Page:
“Who are you supporting for President, Dana?”
I’m asked this question – a lot – and the truth is that this Presidential election will be (as so many elections before it have been) a choice between the lesser of two evils.
It’s impossible for me to take a party seriously when their two top candidates are a wholly unlikable, smug and disingenuous religious nut, or a loud-mouthed, self aggrandizing opportunist who has no discernible principles or ambition other than self promotion.
In my opinion, these are the preferred candidates of bratty children who have no understanding of the immense complexities associated with the Highest Office in the Land, governance and the world that exists beyond our borders.
Or that a party so beholden to the religious right – who have actively sought to suppress the rights of women, homosexuals, minorities, immigrants, the poor and non-Christians – realistically still believe that there will be anyone left to vote for them in the future other than Christian white men.
When recently asked, “Gun to your head, who would you vote for in the GOP field?” my response was, “Gun to my head? Pull the trigger.”
My honest answer – after putting on my politico cap – is that (regardless of ideological differences) Jeb Bush is the only legitimate and serious candidate in the Republican field. Marco Rubio is only being embraced by the establishment because he is young, “diverse” and (likely) easily manipulated.
I venture to guess that the political assumption is, because he’s Cuban and young, that he’ll magically close the gap with Hispanic and younger voters…a notion as ridiculous as assuming that conservative women would abandon their own principles, in order to support a woman, any woman, like Hillary (pls see: McCain’s selection of Sarah Palin after it was clear that Obama would beat Hillary for the Democratic nomination in 2008). Or that Hispanics would vote en masse for a party whose recent platform proclamations include building walls to keep out Mexican rapists and repeated threats of deportation.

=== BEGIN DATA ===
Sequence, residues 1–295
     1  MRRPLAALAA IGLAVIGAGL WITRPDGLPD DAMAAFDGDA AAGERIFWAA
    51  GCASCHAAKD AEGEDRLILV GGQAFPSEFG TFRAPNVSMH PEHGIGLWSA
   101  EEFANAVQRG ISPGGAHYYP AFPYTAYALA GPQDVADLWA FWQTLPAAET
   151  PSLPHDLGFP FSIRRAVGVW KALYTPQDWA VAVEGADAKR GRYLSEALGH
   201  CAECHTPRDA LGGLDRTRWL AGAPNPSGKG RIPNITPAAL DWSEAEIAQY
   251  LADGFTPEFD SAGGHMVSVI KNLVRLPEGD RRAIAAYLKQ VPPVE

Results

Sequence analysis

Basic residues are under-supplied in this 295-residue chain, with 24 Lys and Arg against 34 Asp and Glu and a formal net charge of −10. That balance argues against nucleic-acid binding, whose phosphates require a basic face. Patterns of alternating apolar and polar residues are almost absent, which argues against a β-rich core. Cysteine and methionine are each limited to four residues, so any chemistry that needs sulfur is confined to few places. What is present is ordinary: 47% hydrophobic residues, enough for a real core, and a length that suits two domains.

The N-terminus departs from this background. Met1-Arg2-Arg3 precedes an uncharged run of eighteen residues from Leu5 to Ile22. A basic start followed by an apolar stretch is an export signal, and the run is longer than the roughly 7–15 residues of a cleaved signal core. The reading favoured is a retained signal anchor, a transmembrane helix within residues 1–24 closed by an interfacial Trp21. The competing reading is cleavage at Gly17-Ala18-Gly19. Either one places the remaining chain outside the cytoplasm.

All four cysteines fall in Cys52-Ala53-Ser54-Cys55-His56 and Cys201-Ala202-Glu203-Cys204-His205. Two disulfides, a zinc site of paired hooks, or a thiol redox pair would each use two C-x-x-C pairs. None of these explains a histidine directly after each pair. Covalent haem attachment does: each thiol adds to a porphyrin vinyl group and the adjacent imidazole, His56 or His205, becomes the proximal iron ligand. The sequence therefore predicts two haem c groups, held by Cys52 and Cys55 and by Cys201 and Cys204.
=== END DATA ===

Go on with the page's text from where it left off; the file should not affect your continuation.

If I truly had a choice, my preferred Republican candidate would be Gen. Colin Powell.
In Hillary Clinton, the Democrats have a woman so hated and reviled by conservatives, that she’ll be a ridiculously easy target in negative ads for everything from her husband’s Presidency and affair, to Benghazi and her email accounts…or, in Bernie Sanders’ case, a “schlepy looking and frail old man” who will be easy to hang the Socialist moniker upon. In fact, he even refers to himself as a Socialist…a term that has proven to play so well in past elections. < /sarcasm>
As a nation, we don’t historically make a habit of electing “schlepy looking and frail old men” to the Presidency (pls see: Ralph Nader, John McCain, Bob Dole), and he’s become an alternative for Progressives and Liberals who can’t quite pull the handle for Hillary. I’ll admit that Sanders has a nice populist message that appeals to the Progressive heart…but the head says it’s just not going to happen.
However, since I tend to exist in a pragmatic and reality based world, I know that Bernie has a big “Hill” to climb (pun intended) and would only have a realistic shot if the GOP alternative is as laughable and divisive as Ted Cruz or Donald Trump.
From a campaign strategy standpoint, the nomination of Hillary would create an interesting hurdle for the GOP to clear, namely:
“How do we attack this woman, without seemingly attacking a woman or women? We tried to attack Obama and his “otherness,” only to create an underlying perception of racism within the Party, the embarrassingly childish “birther movement,” along with fueling and essentially condoning overt racism against the nation’s first black President. We already have the perception of being against Women’s reproductive rights, and attacking the nations’s first female Presidential nominee would further solidify that perception of misogyny.”